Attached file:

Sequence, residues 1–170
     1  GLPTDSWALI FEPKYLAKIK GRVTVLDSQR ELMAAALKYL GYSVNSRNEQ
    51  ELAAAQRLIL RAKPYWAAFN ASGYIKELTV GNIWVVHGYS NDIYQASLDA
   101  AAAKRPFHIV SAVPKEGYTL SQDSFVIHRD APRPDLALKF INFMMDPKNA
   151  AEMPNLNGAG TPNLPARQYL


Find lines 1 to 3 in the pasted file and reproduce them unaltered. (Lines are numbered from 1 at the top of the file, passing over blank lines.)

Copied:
Sequence, residues 1–170
     1  GLPTDSWALI FEPKYLAKIK GRVTVLDSQR ELMAAALKYL GYSVNSRNEQ
    51  ELAAAQRLIL RAKPYWAAFN ASGYIKELTV GNIWVVHGYS NDIYQASLDA